After Chinese leader Xi Jinping catapulted Qin Gang to the post of foreign minister in December, Qin picked up a blistering pace, meeting with dozens of foreign officials as he pressed Beijing’s agenda in a world divided and torn by war.
Then Qin fell silent.
On Monday, he had not made a public appearance for three weeks. His last reported engagements date back to June 25, when he spoke with diplomats from Vietnam, Russia and Sri Lanka. He was recently due to meet the European Union’s foreign policy chief in Beijing, but China canceled the visit. Last week, he missed a meeting of Southeast Asian countries in Jakarta, Indonesia, to which China was invited.
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Outside of China, Qin’s long absence has sparked internet speculation about his health and status. Sudden disappearances of senior Chinese officials from public life are often seen as potential signs of unrest. Mystery seeped into conversations between diplomats and political insiders in the Chinese capital.
The Chinese government acknowledged last week that Qin, 57, would skip the Jakarta meeting, citing health reasons, but otherwise declined to give details or updates. In Beijing, reporters repeatedly asked the Foreign Ministry, including on Monday, questions such as when Qin would return to work, only to be told officials had “no information” to provide.
The secrecy on the part of the government has only fueled speculation about Qin’s absence, threatening to distract from China’s efforts to bolster its diplomacy to ease tensions with Western powers and woo Asian neighbors.
The episode “is embarrassing and troubling for Chinese diplomats because of the uncertainty it injects into a tightly controlled system,” said Daniel R. Russel, a former senior US diplomat currently at the Asia Society Policy Institute. . “For foreign diplomats, this raises even more questions about the bureaucratic weight of the Chinese Foreign Ministry.”
The secrecy surrounding the personal lives and health of senior officials is rooted in the Chinese Communist Party. In one of the most notable and as yet unexplained absences of recent times, Xi abruptly disappeared from public view for two weeks shortly before taking power in 2012, missing a meeting with the Secretary of State of time, Hillary Clinton.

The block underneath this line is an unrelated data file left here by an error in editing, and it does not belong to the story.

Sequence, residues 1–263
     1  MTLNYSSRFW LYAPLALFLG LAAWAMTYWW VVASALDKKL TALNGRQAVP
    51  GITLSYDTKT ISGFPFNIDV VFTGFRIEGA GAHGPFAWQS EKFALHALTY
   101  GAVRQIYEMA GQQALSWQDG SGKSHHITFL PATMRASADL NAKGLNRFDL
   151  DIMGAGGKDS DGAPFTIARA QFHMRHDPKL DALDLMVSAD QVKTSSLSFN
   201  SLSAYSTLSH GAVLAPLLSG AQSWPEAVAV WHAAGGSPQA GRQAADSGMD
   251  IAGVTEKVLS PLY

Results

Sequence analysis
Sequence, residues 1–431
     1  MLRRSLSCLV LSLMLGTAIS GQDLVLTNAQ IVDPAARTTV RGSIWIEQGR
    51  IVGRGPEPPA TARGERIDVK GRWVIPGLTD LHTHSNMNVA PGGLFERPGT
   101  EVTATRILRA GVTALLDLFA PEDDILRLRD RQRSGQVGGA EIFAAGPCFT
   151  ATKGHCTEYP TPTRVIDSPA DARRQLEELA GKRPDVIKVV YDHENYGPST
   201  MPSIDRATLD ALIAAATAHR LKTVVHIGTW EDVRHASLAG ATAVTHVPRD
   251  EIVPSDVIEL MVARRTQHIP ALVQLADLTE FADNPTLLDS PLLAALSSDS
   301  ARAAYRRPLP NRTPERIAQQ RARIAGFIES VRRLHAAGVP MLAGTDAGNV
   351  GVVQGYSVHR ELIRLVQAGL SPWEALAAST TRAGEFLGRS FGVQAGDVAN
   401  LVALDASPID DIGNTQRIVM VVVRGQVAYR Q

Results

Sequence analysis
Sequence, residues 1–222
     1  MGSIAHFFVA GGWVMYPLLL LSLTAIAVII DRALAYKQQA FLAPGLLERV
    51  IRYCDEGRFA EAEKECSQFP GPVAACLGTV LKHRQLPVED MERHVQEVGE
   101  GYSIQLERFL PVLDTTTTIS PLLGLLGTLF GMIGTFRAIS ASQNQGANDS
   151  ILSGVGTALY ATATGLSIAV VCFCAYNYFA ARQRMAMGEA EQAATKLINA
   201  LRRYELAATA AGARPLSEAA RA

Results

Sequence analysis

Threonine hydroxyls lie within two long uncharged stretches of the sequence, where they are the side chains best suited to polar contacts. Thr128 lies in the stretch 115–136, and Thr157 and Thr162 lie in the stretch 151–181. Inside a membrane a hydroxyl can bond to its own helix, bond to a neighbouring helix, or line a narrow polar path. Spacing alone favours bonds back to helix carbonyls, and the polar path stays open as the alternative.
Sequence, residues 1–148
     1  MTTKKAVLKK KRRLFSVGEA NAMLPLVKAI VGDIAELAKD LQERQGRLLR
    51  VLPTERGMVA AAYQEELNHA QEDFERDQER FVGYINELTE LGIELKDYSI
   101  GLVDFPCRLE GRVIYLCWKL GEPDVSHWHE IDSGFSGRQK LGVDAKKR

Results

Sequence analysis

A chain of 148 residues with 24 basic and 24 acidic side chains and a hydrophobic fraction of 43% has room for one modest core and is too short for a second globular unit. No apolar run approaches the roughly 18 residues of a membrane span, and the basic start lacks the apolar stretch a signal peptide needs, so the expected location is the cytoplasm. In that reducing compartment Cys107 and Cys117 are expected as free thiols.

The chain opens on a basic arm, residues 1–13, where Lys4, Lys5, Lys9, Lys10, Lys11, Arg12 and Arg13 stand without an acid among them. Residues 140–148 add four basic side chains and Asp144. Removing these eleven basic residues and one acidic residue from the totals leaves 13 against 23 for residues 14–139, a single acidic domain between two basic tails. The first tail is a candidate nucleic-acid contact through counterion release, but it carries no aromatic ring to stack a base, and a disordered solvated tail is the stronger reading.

It remains entirely plausible that Qin fell ill and is recovering. Even so, the episode would be a telling example of how the party’s aversion to sharing bad news can undermine its efforts to control the narrative.
“Secrecy is the mode of operation chosen because for the Chinese Communist Party, information is a weapon,” said Willy Wo-Lap Lam, senior fellow at the Jamestown Foundation, a research institute in Washington.
“But in this case, the mystery surrounding such an important official – the foreign minister – is mind-boggling,” he said.
If it turns out that Qin somehow clashes with the Communist Party leadership, it could also harm Xi, who has used his dominance to accelerate Qin’s rise to power and a cohort of other loyalist officials, Lam said.
“Qin Gang was an official who, we like to say, took a helicopter ride to the top,” Lam said.
Qin was named China’s ambassador to Washington in July 2021 and, after just 17 months, was promoted to foreign minister, a rapid rise that marked him out as one of Xi’s trusted lieutenants.
Prior to that, Qin served as a Foreign Ministry spokesman – known for his acerbic beards – and as a senior protocol officer who arranged Chinese leaders’ trips abroad, a role that gave Qin the opportunity to work closely with Xi.
As foreign minister, Qin was tasked with implementing the Chinese leader’s vision of Beijing as an increasingly confident global power. In June, he met for five and a half hours with Secretary of State Antony Blinken during the US official’s visit to Beijing as the two nations sought to ease tensions.
Then Qin skipped the Southeast Asia meeting last week, with China sending Wang Yi, an official who ranks above Qin in the party hierarchy, in his place.
As questions have grown over Qin’s prolonged absence, overseas Chinese commentators have offered theories that an affair with a TV personality could be to blame for his troubles, and speculation is brewing. become big news in Taiwan.
Asked about the rumors on Monday, Mao Ning, a Chinese Foreign Ministry spokesperson, said, “I have no understanding of the issue you raised.”
Despite Beijing’s reluctance, speculation is also spreading among Chinese officials, said Deng Yuwen, a former Communist Party newspaper editor and now a US news commentator. Those officials will be watching to see if Qin reappears or if Beijing releases more details about him, Deng said.
“Even if he has a medical condition, they might find a way to get him out, but they haven’t done that yet,” Deng said. “If the outside world is speculating about Qin Gang, then naturally many people inside the system are also wondering.”
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